In my experience, most needlepoint shop owners start a store because they love the craft of needlepoint stitching.
So one fine day, usually as a second career, or as a retirement hobby, they take the plunge.
They love needlepoint. They love people who stitch. What could go wrong? After all, it’s not as if they are putting up their life savings.
Alas, what first time needlepoint owners many not initially realize, is that — unless they are extremely careful — this decision could suddenly lead them to financial ruin.
Often small businesses organize themselves as business entities that are known as LLCs, or limited liability corporations. The key word here is limited. The other key word is liability.
Together, these beautiful words seem to confer on LLCs the sunny legal proposition that you can enjoy filing a minimal amount of corporate busy work (minutes, annual meetings, etc), derive the benefits of pass through income tax reporting (in particular, your income from the business is only taxed once) — yet retain the protection of what is known as the famous corporate veil.
Now I am sure if you interested in starting your own needlepoint biz, you have read all the dire generic warnings about how not to comingle personal and business accounts, how to avoid running the risk of having the courts looking at your business as an alter ego entity, and so on, so there is no need for me to repeat all that here.
Instead, let give you a simple real world example as to how — if you’re not careful — your LLC offers you scant protection from predators in the first few years of the life of your beautiful needlepoint store dream.
Having set up your LLC, you confidently rent a retail space in a plaza.
The owner of the mall says to you, hey, you need to put your store’s name up in the mall directory, which is basically a plastic road sign screwed to two metal poles. The mall owner tells you have to pay for this service, but it is only 100 dollars. He gives you the name of the sign guy who has done this sort of work for other stores in the mall.
So you make the necessary arrangements, and the sign guy shows up with your new sign, climbs up a ladder to install it, falls off the ladder, and reportedly sustains a serious injury, one that may permanently incapacitate him.
Next thing you know, you are contacted by a lawyer type asking for 5 million in damages, and threatening to sue you personally for this unfortunate turn of events — but he’ll consider settling out of court for half a million.
Go ahead, you say, unintimidated and secure in the knowledge that you are well insulated from this sort of nasty business by your impregnable, unbreachable, impermeable LLC.
But then, just in case, you consult a lawyer anyway (who charges you 400 dollars an hour) and he tells you the following:
1. when you signed the lease with your landlord, and agreed (because he insisted on it) to have it in your name not your LLCs, you allowed the landlord to pierce the corporate veil. In a court of law, this can be used as a precedent.
2. when you took out liability insurance for your store, it was only to protect you from lawsuits of events taking place inside the store. True the landlord is responsible for liability outside the store, but because you personally are the one who contracted the sign guy to put up your sign (albeit on your landlord’s advice), then in a court of law, a crafty unscrupulous lawyer can use this to devour your assets.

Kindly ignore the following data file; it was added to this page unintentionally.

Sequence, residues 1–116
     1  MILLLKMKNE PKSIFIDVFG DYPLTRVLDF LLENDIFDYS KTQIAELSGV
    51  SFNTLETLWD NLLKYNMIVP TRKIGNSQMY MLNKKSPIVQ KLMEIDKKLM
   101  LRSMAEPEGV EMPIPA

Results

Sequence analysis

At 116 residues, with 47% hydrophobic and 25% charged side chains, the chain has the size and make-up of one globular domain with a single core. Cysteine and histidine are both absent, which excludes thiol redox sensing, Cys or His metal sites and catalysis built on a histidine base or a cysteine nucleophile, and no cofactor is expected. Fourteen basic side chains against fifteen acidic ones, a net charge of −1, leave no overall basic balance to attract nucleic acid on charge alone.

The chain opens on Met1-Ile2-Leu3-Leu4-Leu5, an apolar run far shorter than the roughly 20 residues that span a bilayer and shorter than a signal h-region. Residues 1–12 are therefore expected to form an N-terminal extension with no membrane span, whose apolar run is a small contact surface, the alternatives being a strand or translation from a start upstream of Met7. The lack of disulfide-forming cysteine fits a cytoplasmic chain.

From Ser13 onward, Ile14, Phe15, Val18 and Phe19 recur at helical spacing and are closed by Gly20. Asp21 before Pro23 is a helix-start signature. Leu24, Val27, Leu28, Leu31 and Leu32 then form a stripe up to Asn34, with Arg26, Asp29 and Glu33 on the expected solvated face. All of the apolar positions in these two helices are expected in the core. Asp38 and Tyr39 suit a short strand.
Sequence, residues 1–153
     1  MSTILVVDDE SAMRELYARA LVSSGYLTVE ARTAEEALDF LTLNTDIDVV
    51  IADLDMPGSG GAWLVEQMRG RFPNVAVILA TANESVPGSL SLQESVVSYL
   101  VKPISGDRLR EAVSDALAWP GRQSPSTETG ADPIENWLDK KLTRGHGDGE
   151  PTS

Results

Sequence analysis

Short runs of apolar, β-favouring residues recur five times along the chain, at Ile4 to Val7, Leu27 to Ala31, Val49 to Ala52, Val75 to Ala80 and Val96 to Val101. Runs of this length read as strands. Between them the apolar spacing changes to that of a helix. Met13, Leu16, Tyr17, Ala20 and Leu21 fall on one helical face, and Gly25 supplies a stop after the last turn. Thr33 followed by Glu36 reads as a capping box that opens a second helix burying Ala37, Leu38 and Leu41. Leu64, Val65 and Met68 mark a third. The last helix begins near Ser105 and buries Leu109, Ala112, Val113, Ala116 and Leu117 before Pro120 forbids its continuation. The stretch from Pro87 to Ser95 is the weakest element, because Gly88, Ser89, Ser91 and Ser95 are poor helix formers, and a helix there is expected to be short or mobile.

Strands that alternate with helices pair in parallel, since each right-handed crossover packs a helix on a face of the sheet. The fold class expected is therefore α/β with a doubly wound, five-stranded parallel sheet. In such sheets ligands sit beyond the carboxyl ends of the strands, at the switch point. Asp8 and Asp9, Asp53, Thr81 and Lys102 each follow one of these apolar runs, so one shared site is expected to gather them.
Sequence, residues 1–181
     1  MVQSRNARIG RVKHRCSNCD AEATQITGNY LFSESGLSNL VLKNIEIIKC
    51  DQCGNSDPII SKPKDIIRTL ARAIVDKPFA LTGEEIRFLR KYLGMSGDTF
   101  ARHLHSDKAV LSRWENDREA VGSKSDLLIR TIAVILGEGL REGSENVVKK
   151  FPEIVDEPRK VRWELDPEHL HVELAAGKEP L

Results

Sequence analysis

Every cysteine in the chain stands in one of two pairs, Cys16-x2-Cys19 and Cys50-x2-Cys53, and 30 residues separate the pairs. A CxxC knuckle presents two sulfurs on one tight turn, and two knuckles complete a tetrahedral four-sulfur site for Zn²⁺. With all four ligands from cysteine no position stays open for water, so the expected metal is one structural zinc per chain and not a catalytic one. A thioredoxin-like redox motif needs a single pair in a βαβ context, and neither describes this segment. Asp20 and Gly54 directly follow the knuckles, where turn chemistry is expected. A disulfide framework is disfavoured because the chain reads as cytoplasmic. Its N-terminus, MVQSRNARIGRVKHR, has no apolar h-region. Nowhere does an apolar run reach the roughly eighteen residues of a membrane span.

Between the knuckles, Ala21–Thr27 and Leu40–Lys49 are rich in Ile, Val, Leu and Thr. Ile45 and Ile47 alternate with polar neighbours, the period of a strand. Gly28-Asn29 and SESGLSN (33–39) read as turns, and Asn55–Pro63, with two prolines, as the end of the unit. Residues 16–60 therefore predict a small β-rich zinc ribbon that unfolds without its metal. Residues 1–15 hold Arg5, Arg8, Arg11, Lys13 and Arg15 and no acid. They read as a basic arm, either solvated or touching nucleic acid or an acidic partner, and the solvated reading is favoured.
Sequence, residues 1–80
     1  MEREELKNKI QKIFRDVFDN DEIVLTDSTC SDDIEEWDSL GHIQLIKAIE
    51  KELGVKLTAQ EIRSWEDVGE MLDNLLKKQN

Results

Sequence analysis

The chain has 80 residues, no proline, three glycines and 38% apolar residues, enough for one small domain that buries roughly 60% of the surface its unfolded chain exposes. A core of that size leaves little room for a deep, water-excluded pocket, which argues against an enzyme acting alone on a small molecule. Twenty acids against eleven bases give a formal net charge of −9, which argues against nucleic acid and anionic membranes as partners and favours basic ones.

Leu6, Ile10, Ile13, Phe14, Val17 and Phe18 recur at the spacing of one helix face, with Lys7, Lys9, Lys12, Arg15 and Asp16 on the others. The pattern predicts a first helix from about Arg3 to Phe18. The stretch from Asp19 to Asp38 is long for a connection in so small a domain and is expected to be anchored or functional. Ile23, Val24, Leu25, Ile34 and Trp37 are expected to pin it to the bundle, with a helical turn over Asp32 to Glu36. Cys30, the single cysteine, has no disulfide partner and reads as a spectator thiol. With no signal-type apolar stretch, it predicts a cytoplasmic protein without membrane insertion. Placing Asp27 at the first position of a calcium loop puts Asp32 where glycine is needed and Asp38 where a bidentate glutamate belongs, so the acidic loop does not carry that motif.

3. when you took out that nice business credit card from that nice bank, that insisted you be its guarantor, you allowed the bank selling you the card to pierce the corporate veil. It does not matter that banks will not issue cards to new businesses without this assurance; you signed the agreement, and now the sign guy’s lawyer can use it to prove in a court of law that there is no separation between your personal assets and the assets of your LLC.
4, and, last, but not least, when you also agreed to be the ultimate guarantor with your credit card processor, without whom you could not run your nascent business… well, guess what….?
And even if this sign guy’s lawyer fails to make his case, your lawyer continues, remember he is working on contingency, and any lawyer you hire to defend you won’t be. So settle out of court, even though this LLC business may have ended up sucking up much of your liquid assets — or risk being in debt for the rest of your days. After all, you’ll still have your Florida homesteaded house to live in, at least for a while.
I hope you never have to encounter a situation like this, should you ever open up a needlepoint store.
However, unless you have very carefully considered these sorts of issues, you may be lulled into mistakenly thinking that you are being offered much by way of protection by operating your brand new needlepoint store as an LLC.
The truth of the matter is that almost every outside business you come in contact with, from the phone company, to the bank, to the credit card processor salesperson, even to the smiling lawyer you have hired to protect you, will ask for your driver’s license, social security number, a copy of your passport, and who knows what else.
To the owner of a new needlepoint business, the harsh reality is this:
What corporate veil protection you think you have secured by dint of your LLC is about as substantive as an itsy-bitsy, teeny-weeny, yellow polka dot bikini.
Still want that signage put up?
© Erin McGrath and Needlepointland.com, 2012 – 2016
Free stock image from Dreamtime.